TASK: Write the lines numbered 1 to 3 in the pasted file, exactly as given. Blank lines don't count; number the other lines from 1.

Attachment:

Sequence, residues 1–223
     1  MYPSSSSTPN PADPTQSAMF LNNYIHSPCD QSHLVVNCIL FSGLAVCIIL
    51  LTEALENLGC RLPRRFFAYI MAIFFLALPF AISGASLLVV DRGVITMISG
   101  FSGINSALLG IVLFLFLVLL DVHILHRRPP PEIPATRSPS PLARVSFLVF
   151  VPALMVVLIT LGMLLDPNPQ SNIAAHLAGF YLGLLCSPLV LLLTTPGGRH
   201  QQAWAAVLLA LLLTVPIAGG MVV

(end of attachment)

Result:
Sequence, residues 1–223
     1  MYPSSSSTPN PADPTQSAMF LNNYIHSPCD QSHLVVNCIL FSGLAVCIIL
    51  LTEALENLGC RLPRRFFAYI MAIFFLALPF AISGASLLVV DRGVITMISG